Chewing gum is passé, and so is the nicotine patch. Smokers—and even non-smokers—know all too well how hard it is to kick the nicotine habit. In the battle against addiction to cigarettes, it is time to get creative and resort to alternative ways to combat the urge to smoke.
For starters, replace photos of yourself or of your loved ones in your wallet with that of a diseased lung. Yes, those blackened organs plagued with lung cancer and other pulmonary sicknesses brought about by smoking. The more advanced the damage, the more revolting it appears, the better.
With every glimpse of the picture in your wallet, remind yourself of the medical payments you can expect if you continue smoking. Think of the big ticket items you can buy with the money you spend on cigarettes like a laptop or even an overseas vacation.
You can also try hanging a picture of a longtime chain-smoker on your bathroom mirror, preferably someone who closely resembles your facial features. Better yet, make it your desktop background or screensaver slideshow in your home and office computer. Imagine that it is you who has, or will have, those yellow teeth and deep wrinkles brought about by premature aging that smoking causes. Not only do they look unattractive, but eventually you’ll also spend a fortune on cosmetics just to conceal those imperfections if you don’t stop smoking.
If you have access to digital design programs like Adobe Photoshop, try having your photo edited to get a sense of how you’ll look when you factor in the effects of smoking on your appearance.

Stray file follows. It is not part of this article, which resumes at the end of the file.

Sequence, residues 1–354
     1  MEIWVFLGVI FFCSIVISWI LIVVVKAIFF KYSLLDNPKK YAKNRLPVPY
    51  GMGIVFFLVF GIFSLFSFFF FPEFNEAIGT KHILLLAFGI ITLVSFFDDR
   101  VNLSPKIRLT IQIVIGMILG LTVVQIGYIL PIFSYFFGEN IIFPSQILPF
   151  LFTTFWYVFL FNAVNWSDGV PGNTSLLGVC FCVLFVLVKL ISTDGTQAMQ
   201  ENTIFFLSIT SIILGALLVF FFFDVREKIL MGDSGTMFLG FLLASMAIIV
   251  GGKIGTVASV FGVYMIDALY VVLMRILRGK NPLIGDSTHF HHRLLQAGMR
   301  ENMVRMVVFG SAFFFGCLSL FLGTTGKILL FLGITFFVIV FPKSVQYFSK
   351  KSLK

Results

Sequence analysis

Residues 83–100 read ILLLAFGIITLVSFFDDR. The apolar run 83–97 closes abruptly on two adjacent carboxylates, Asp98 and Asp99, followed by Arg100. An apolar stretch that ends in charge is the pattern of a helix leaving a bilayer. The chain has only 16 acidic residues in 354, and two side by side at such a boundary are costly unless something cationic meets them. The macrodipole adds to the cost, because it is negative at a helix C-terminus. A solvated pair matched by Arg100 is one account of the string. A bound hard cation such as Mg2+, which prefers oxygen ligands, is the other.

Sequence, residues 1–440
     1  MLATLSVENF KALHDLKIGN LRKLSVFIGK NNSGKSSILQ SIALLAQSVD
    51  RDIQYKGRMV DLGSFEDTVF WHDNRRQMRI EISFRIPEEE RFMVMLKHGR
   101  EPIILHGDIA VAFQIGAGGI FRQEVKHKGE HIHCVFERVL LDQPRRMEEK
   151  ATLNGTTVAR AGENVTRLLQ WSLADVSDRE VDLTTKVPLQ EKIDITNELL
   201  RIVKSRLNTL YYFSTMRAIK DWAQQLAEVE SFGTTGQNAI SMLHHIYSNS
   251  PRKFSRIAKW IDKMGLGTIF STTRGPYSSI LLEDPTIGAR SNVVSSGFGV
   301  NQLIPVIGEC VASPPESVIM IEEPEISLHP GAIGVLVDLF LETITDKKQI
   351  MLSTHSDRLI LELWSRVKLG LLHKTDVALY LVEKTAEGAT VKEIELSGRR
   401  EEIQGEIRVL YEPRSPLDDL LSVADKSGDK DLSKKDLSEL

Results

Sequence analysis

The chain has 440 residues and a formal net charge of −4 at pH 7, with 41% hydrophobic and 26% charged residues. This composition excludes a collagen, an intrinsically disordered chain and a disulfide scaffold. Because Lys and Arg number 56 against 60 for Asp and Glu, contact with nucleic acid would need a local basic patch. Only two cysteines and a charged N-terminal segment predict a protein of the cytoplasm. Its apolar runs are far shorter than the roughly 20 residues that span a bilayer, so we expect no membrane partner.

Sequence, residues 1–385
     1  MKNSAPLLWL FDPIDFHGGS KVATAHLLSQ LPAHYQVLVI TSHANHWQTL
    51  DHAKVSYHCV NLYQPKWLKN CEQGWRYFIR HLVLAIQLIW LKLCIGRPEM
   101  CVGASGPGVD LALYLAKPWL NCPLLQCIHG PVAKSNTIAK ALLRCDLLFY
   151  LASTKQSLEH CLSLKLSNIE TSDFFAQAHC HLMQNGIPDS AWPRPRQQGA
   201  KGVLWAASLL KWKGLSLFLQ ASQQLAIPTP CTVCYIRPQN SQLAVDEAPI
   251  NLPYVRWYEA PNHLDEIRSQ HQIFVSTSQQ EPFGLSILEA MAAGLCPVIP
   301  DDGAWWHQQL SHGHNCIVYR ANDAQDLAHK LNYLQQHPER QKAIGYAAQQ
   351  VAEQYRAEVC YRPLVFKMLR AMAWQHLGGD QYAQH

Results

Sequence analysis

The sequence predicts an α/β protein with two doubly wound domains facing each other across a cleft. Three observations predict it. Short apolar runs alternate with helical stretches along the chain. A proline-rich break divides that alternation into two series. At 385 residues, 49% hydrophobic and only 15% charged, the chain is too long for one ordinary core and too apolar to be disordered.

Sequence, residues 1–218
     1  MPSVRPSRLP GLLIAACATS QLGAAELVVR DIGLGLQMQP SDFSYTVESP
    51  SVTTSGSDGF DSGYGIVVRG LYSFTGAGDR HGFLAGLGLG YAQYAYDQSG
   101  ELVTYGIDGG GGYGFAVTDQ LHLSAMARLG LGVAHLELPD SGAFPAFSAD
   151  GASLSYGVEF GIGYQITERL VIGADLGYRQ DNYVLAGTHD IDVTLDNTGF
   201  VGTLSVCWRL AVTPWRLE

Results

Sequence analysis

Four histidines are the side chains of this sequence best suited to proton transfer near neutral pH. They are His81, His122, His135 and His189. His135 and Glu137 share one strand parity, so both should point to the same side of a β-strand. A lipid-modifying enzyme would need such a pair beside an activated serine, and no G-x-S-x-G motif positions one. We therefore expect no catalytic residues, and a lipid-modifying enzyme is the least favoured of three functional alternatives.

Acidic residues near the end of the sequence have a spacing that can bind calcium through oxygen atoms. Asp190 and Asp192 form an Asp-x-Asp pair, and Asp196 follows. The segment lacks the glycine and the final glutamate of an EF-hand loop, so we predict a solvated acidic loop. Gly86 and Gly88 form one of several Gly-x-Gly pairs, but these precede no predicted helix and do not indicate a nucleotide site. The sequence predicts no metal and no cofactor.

To make quitting smoking fun, start a bet with your friends. Round up friends who want to quit smoking and bet on who can kick the habit successfully and consistently. Sweeten the pot to make it more motivating. Or find someone who likes to see you fail and wage a bet. Try your hardest to prove that person wrong.
Watch television shows and movies that feature the evils of smoking and of tobacco companies like Michael Mann’s film “The Insider,” starring Russell Crowe and Al Pacino. Not only will you be entertained, but you will also be educated on how big companies are making bigger money at your expense. Think of how that all-powerful drug, nicotine, has control over you and has been making money out of you since you’ve become addicted.
Try to date attractive (and better yet, outspoken) non-smokers. Ask them why they prefer to stay off smoking, and listen well. It could be the foul smell on clothes and bad breath that come with a nicotine habit. You might just increase your chances of going out with them again if you stop smoking. And maybe even score a kiss or two.
If you’re unconcerned about the negative effects of smoking on your health, try thinking about the consequences of your addiction on others. Spend time with non-smokers you deeply care about, especially those highly vulnerable to secondhand smoke like asthmatics and those with heart disease. Play with children to get your mind—and hands—off cigarettes. Stay near pregnant women or adults who have children with them when you feel the urge to light a stick—and make a mental list of the possible dangers you are exposing them to because of your actions. Feel the guilt, and put away that stick.
No one can say quitting smoking is easy, but nobody also said it is impossible. With a dash of creativity and an iron will to discipline oneself, one won’t run out of ways in being successfully smoke-free.